These & These are my Brothers

Vignettes:
Not long ago, I would watch “House of Cards” and wonder if I’m in the middle of a news report. Now I watch the news and can only hope I am in the middle of a crazy Netflix show that has gone terribly wrong…

This week’s images from Israel reminded many of Yamit. And Gush Katif. But just because something looks the same, does not mean it is exactly the same. What’s the difference?
In the past, we spoke about security concerns; once, we even got peace. But now it’s because we, the people who brought to the world the belief in the One G-d, the Torah and (amazing!) Talmud, the basis for civil law in the modern world; who created a miraculous “homeland”, who sent airplanes and secret missions to save people in heroic operations; who survived against all odds for thousands of years and are called to be a light unto the nations – can’t figure out how to peacefully rearrange a few plots of land with minimum harm to those involved.
And still, not maximizing on the best solution, would be the least of it. For while some are pained and torn, trying to pack 18 years into a suitcase, others are cheering against them, joyful at those hurting.
Amona is not the issue, but it does serve as a mirror to how far we’ve gone. To paraphrase Yehuda Amichai, redemption will come only when we can shift our viewpoint, and begin to see each other.

And while we’re on seeing:
This week we encounter the three last plagues, and among them – the plague of darkness. Some say, it was a darkness that had thickness. But some say, it was not too dark to see, just too dark to recognize one another. And yet, the midrash tells us, that in some places, there was light. What was that light? The Torah. How so? Not as a religious coercion and an oppressive list of do’s and don’t’s but as an expansive way of life that invites us to step out of ourselves and care for another; a way of light, Torah-Or.
*******
Ten whole Plagues. Days, weeks and months of preparations, including even time to collect gold and silver vessels. And suddenly, chipazon!! A great and almost frantic rush. Get out! Get out! Never mind the dough! Just go!
What’s going on?
The Exodus was not a surprise. We knew it was coming. There was a “process”. After years of slavery, we had to slowly be reminded that there is a tomorrow; learn that there is hope; that things can actually get better, that we matter, all things that as slaves we could not even imagine. That build up was necessary, and had to be gradual, just like when picking up anyone out of any bad situation…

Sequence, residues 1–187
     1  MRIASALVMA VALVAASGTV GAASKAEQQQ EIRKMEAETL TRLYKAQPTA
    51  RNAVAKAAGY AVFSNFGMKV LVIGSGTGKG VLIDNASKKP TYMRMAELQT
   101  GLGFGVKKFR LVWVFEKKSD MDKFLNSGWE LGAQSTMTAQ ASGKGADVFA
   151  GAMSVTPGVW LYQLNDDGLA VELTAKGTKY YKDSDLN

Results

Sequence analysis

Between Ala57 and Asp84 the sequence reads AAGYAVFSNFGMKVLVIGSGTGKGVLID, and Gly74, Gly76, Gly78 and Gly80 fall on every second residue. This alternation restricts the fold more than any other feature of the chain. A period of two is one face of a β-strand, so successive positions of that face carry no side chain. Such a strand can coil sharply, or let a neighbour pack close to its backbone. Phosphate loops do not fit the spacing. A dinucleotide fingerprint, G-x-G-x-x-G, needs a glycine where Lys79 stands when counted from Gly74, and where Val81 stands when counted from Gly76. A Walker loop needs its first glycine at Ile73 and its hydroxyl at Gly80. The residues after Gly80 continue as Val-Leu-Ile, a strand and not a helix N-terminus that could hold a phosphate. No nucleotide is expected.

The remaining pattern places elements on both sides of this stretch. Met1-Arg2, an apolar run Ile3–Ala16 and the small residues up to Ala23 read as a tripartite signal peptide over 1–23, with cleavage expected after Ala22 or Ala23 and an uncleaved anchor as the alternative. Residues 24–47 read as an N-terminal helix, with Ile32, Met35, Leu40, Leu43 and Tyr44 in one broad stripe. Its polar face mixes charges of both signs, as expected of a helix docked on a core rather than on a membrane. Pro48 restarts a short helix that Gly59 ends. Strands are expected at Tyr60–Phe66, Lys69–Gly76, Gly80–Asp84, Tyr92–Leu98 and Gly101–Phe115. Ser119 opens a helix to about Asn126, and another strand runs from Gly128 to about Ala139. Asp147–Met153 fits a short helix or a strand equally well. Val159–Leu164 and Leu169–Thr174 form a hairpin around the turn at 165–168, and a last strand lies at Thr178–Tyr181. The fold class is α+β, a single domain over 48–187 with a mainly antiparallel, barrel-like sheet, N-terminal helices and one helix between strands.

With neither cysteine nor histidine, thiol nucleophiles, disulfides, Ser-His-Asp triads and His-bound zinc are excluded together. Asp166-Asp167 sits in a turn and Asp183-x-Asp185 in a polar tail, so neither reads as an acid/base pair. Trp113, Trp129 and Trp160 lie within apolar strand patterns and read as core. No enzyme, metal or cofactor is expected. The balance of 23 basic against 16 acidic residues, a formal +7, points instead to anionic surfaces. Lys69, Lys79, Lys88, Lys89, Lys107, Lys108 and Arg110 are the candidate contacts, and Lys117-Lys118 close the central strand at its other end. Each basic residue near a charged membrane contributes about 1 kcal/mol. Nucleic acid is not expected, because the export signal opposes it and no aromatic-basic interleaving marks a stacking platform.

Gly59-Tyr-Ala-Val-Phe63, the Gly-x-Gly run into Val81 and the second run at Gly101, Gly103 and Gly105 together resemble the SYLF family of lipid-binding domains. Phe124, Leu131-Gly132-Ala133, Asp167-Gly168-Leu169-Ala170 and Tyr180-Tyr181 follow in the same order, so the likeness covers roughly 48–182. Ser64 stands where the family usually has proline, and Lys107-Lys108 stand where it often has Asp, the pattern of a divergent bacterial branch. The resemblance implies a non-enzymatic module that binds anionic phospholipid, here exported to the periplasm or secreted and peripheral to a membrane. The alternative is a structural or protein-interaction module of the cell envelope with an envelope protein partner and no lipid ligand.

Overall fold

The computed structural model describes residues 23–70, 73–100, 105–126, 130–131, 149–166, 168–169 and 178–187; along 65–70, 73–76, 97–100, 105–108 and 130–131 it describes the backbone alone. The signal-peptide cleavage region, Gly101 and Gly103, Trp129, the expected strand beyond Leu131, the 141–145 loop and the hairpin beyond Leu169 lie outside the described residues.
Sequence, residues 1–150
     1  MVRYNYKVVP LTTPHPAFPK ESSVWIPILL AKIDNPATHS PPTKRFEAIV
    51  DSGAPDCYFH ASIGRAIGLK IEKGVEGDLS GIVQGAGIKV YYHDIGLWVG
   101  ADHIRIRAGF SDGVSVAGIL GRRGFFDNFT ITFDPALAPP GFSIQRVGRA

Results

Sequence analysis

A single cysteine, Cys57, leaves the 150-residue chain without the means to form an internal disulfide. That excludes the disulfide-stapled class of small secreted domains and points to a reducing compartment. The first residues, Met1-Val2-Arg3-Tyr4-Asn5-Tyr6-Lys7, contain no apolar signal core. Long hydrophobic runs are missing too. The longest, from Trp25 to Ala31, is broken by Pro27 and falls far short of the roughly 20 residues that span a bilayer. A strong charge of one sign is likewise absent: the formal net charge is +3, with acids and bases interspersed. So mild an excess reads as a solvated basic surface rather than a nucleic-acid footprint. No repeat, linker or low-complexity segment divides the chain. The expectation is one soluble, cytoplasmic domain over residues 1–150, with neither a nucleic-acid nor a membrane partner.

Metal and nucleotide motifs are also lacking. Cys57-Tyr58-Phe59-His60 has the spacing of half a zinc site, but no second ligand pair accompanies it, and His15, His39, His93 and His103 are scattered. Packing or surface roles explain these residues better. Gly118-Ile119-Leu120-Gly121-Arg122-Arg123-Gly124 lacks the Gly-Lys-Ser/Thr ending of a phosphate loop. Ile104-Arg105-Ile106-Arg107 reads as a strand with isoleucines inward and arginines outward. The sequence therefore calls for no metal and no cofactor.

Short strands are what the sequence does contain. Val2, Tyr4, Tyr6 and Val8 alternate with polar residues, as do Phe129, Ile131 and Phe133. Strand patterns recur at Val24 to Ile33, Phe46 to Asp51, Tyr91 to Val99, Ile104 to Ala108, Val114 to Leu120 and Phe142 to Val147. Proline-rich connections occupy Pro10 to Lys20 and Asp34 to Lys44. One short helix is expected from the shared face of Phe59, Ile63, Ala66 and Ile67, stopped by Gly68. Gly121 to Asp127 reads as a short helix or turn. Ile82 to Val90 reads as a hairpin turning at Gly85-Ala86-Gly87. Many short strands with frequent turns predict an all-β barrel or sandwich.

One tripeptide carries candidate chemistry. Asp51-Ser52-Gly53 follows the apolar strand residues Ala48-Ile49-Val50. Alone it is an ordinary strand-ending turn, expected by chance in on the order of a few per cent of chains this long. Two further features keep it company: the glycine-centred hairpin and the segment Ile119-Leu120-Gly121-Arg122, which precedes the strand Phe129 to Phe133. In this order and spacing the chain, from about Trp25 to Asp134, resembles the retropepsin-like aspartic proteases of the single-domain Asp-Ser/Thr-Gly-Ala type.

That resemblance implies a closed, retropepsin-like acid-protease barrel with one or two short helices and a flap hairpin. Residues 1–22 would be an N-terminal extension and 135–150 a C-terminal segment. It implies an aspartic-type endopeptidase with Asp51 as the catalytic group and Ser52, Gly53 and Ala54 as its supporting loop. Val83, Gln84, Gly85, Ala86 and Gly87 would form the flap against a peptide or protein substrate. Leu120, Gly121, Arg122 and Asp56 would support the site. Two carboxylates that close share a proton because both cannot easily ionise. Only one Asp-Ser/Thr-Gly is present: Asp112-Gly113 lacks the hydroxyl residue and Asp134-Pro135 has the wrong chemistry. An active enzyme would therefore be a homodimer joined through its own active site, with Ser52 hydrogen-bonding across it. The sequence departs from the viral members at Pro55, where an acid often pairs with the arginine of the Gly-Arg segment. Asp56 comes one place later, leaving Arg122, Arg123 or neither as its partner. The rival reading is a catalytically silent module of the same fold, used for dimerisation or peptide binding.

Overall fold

But then one day, it’s time to go. And go we must in chipazon.
Rabbi Hirsch says the root ch.p.z. means – hasten aimlessly. Aimlessly?? Aren’t we going to freedom??
We’re going, that’s for sure. We don’t yet know where to. G-d says to Moses, to a land of milk and honey. Moses says to Pharaoh, it’s just a quick trip to celebrate a festival. The experience of the people must be super confusing. Strange things happen all around: the river turns to blood, frogs everywhere, live, animals… It’s no wonder there is “darkness”.
But then comes a day…
The battered woman who prepared her get-away carefully, waiting for that once in a lifetime window of opportunity, now must act; Our kidnapped soldier from Chatufim who couldn’t even dream that it’s possible, is now being whisked out secretly with no time for goodbyes; And the Children of Israel, who knew for months and yet, all of a sudden are in such a hurry that they can’t finish making sandwiches for the trip.
The two Torah portions – of patience and haste – go hand in hand. There is time for the lengthy prep, but then comes the time to just get up and go.
*******
With the Exodus, we receive the first mitzvah as a people: creating a calendar by setting the new moon and keeping track of time. And the question comes up again: if the Torah is all about doing mitzvoth, why not start right here? Why drag us all the way back to Genesis, the creation of the world etc? Who cares? Maybe the Torah is not the constitution, and not a dry list of laws, but so much more.

Shabbat Shalom.

These & these are my brothers

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